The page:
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With their luscious textured locks, Cocker Spaniels have the waves and curls we all wish we had. Couple that stunning fur with those big starry eyes, and you’ve got a dog that’s some kind of pretty! But these precious pups are about more than looking good. Cocker Spaniels are as kind and loving as they are gorgeous, which means their families will be covered up in doggy kisses and snuggles day and night.
And because you love your Cocker Spaniel so much in return, you give your pup everything they need plus anything they could ever want. And while your dog may not want to go to the vet for their annual checkups, you know they still need to go in order to keep healthy and fit. But no matter how diligent of a dog parent you are, illness and injury can still happen. Cocker Spaniels are prone to Cushing’s disease, a host of eye problems, joint issues, heart diseases, and bleeding disorders, and treating any of these conditions can get expensive. With pet insurance, though, you can be financially prepared to fend off whatever comes. We’ve created a free and easy-to-use comparison tool to simplify the insurance quest to help you find peace of mind and the best pet insurance plan for your Cocker Spaniel.
Compare The Top 9 Pet Insurance Plans for Your Cocker Spaniel Using our Free No-Obligation Quote Tool below
The simplest way to compare pet insurance prices is to use our tool below. The comparison tool will show you quotes from the top 9 pet insurance carriers, including Trupanion, Pets Best, Lemonade, ManyPets, FIGO, HealthyPaws, Prudent Pet, Spot, and Embrace pet insurance.
How Much Does Pet Insurance for a Cocker Spaniel Cost?
Below are some sample pet insurance plans for a 1-year-old male Cocker Spaniel using the zip code 75001 (Texas) as an example.
Ultimately, your plan’s premium will depend on several factors, including your dog’s age, size, and breed, as well as where you live. You also want to know what type of coverage your plan has and if it will help with Cocker Spaniel-specific health problems. Let’s get more into those medical conditions and how much you can expect to pay to treat them.
Common Health Problems Associated With Cocker Spaniels
Cocker Spaniels are prone to painful eye problems that require treatment, or your dog runs the risk of permanent damage that could cause blindness. Some of the common eye problems in Cocker Spaniels are:
- Progressive Retinal Atrophy (PRA) – a hereditary disorder of the retina that causes eventual blindness
- Keratoconjunctivitis Sicca (dry eye) – a condition in which the eye does not produce enough moisture or tears
- Glaucoma – occurs when fluid in the eyeball increases, causing pressure and pain
- Hereditary Juvenile Cataracts – a genetic form of cataracts that presents in puppies and younger dogs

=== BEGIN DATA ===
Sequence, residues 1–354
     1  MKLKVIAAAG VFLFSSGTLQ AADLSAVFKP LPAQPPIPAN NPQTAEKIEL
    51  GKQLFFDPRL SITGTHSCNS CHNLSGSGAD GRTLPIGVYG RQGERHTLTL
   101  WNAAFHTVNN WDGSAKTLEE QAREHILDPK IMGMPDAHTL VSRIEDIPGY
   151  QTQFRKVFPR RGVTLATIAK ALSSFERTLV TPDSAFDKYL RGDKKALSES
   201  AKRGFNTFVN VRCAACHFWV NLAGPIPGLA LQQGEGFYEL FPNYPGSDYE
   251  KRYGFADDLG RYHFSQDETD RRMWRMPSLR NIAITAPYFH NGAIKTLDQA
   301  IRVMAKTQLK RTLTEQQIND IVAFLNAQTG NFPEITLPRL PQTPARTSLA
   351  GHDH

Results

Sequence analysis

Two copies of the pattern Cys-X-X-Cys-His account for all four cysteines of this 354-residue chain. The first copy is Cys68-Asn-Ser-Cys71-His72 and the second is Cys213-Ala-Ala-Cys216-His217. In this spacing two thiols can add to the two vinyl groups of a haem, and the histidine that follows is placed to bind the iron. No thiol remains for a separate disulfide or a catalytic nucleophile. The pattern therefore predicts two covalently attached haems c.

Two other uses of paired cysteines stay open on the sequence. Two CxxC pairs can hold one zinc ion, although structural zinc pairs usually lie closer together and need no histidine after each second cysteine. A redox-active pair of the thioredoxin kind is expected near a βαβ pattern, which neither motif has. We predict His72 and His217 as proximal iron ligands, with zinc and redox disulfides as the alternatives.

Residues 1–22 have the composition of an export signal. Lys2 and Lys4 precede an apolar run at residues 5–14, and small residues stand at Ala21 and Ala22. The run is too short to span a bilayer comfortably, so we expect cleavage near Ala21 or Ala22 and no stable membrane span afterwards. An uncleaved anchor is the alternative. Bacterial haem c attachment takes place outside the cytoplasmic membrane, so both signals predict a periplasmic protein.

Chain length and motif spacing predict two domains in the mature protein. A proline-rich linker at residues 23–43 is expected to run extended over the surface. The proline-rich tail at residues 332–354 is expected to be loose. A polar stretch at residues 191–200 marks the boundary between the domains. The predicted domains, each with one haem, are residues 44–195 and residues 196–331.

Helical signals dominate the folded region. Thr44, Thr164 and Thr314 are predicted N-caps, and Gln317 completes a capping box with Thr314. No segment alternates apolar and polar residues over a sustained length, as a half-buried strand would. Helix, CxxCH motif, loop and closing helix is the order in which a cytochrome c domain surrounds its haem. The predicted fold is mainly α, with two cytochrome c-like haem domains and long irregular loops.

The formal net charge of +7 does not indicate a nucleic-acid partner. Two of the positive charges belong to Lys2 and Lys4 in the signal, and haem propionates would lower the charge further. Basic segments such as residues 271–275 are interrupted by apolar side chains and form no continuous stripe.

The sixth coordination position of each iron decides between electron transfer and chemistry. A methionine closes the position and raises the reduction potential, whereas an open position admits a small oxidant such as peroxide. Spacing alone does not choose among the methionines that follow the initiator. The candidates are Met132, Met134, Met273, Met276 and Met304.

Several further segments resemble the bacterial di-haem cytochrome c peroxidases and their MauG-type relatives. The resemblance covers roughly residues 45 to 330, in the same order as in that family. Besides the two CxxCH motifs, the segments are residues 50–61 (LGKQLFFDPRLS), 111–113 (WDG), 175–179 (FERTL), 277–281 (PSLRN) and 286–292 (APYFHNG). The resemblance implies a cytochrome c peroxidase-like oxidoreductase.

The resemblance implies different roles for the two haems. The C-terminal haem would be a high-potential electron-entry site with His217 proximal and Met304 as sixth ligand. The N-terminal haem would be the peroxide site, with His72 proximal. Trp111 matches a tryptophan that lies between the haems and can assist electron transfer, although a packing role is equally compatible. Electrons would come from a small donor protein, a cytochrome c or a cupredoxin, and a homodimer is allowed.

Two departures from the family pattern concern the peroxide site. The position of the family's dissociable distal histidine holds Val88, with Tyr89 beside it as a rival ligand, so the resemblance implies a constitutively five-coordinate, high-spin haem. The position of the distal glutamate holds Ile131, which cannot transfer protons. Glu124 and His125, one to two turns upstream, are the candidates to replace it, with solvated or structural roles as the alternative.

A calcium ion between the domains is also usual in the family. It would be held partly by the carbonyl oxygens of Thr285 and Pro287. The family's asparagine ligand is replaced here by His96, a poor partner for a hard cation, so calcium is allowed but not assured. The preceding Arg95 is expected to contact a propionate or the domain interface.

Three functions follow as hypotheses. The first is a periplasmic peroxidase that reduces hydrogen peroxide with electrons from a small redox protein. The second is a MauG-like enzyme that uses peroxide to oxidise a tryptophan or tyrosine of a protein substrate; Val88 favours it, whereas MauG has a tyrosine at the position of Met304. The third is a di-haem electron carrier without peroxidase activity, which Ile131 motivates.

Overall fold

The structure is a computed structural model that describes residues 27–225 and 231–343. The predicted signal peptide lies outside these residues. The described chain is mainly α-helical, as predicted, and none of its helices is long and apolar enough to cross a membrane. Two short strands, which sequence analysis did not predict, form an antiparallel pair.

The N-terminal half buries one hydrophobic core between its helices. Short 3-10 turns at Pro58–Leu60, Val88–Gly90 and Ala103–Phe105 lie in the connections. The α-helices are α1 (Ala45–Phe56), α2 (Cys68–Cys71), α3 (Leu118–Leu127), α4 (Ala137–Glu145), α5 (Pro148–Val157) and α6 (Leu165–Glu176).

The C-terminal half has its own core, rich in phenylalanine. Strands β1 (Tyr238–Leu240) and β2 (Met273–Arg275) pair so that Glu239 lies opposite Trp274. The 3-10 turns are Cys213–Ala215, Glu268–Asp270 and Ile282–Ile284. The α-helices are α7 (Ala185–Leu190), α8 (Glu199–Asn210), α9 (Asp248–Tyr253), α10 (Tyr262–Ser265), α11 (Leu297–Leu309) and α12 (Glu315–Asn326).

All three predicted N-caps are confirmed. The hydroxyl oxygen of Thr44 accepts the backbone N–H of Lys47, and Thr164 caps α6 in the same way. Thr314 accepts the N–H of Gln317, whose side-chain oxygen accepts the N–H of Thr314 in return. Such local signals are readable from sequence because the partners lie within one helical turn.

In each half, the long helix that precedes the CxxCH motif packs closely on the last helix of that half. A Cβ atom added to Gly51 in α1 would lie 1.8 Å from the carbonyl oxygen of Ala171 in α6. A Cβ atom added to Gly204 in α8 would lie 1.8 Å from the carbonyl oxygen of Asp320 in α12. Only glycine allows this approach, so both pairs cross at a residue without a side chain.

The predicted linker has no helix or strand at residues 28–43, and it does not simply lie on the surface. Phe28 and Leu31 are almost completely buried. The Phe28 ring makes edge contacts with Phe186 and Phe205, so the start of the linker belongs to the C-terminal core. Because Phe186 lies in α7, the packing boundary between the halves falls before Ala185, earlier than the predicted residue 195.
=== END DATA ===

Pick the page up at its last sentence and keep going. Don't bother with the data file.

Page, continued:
- Cherry Eye – inflammation of the eyelid that causes it to swell and bulge from the corner of the eye
- Distichiasis – abnormal growth of eyelashes that can cause lashes to poke and scratch the eye
- Entropion – occurs when the eyelid rolls inward, causing eyelashes to rub against the eye
- Ectropion – severe drooping or outward roll of the eyelid that exposes delicate eye tissues, causing dryness, inflammation, and even infection
Cushing’s Disease occurs in dogs when the body produces too much cortisol because of a tumor in the pituitary gland. A smaller number of cases involve tumors on the adrenal glands. The hallmark symptoms are increased thirst, urination, appetite, and changes to the skin and fur. This disease can cause high blood pressure, diabetes, and kidney infections and even elevate your Spaniel’s risk of blood clots when left untreated.
Cocker Spaniels are known to struggle with bleeding disorders, two of which are Hemolytic Anemia and Thrombocytopenia. Both are immune system-related issues that cause the body to attack its own blood cells. This immune malfunction can lead to an array of health problems, including clotting issues. Another clotting disorder, Von Willebrand’s Disease, or vWD, is a hereditary bleeding disorder that occurs when the blood is missing a vital protein that helps with clotting at the site of injuries to the small blood vessels. Dogs with any of these three bleeding disorders are at risk of losing significant amounts of blood as healing clots do not form as they should. Excessive blood loss in dogs can quickly become an emergency.
Cocker Spaniels are prone to Dilated cardiomyopathy (DCM), a heart disease that causes cardiac muscles to dilate and thin, leading to pumping and blood flow problems. Cocker Spaniels also have a higher risk of mitral valve disease. The mitral valve is one of the heart’s valves that keeps blood flowing in the right direction. When disease sets into any of the valves, blood flow problems can occur. These problems can lead to heart failure and should be vet-managed. Mitral valve disease is a common heart problem and occurs in eighty percent of the ten percent of dogs classified as heart patients, with the Cocker Spaniel being one of the most affected breeds.
Like many dog breeds, Cocker Spaniels can suffer from joint problems brought on by conditions like hip dysplasia and patellar luxation. Hip Dysplasia occurs when the ball-and-socket joint in a dog’s hip does not form correctly, leaving the joint to dislocate or the femur head to sit wrong in the socket. Patellar luxation is more commonly known also as a dislocated kneecap, and cases can be mild to severe. Both issues can potentially lead to pain and mobility problems.
Typical Costs Of Treating Health Issues In Cocker Spaniels and How Pet Insurance Can Help